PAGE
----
India adopts new policy for power sector reforms The government’s strategy...

India adopts new policy for power sector reforms

The government’s strategy is aimed at improving India’s per capita power consumption of 1,010 kilowatt hour (kWh) which is among the lowest in the world.
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Power and new and renewable energy minister Raj Kumar Singh has envisioned a larger agenda to reform India’s power sector.

This will be supplemented with  economic growth which has decelerated to a three-year low of 5.7% in the June quarter of 2017-18.

This comes at a time when states are reneging on their off-take commitments for projects.

Also, with states unwilling to buy electricity, no new power purchase agreements (PPAs) are being inked, contributing to the uncertain outlook for the Indian power sector.

“We are going to change the law to provide that those PPAs are enforced. We are going to provide for PPAs to cover 100% of the annual average demand of a particular state or a discom,” Singh added.

The proposed regulation will also provide for interest payment in the event of electricity generators’ dues not being cleared in time.

The government’s strategy is aimed at improving India’s per capita power consumption of 1,010 kilowatt hour (kWh) which is among the lowest in the world.

In comparison, China has a per capita consumption of around 4,000 kWh, with developed nations averaging around 15,000kWh per capita.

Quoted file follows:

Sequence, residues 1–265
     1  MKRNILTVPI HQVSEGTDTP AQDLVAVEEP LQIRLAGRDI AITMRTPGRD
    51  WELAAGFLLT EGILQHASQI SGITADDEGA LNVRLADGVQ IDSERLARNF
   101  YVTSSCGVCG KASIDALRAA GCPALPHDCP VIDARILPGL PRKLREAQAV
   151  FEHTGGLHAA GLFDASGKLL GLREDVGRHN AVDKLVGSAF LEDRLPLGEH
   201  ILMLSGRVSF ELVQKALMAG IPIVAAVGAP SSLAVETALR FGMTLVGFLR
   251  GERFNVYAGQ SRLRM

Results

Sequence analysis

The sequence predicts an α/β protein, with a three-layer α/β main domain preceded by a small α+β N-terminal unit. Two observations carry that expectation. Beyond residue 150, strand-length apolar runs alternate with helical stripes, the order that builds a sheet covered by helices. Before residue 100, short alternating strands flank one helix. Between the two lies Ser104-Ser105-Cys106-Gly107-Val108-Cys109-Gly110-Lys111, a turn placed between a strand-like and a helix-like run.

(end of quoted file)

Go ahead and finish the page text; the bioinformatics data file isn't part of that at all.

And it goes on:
Last week Singh also talked about a radical plan to separate the so-called carriage and content operations of existing power distribution companies.

Carriage refers to the distribution aspect and content to electricity itself. In industry parlance, these are known as “wire” and “supply”.

The separation will allow people and companies in India buy electricity from a power company of their choice, and have it supplied to them by the distribution network that services the neighbourhood in which they live.

The result, apart from choice for consumers, would be lower tariffs because of the competition.

Any such proposed changes will require amendments in the Electricity Act of 2003.

The government plans to move the legislative changes in the next session of the Parliament.

This comes at a time when the centre and states are working for electricity tariff slab rationalization to make them uniform across the country.

This will help in reduction of cross-subsidies borne by the industry, and make tariffs more competitive for businesses thereby pushing the government’s ‘Make in India’ drive.

With an eye on better targeting of subsidies, the government is also exploring the use of direct benefits transfer (DBT) scheme in the electricity sector.

Government’s policy think-tank Niti Aayog has pitched for DBT in the electricity sector with its draft national energy policy.

With inputs from: Livemint

Image link : Internet sources

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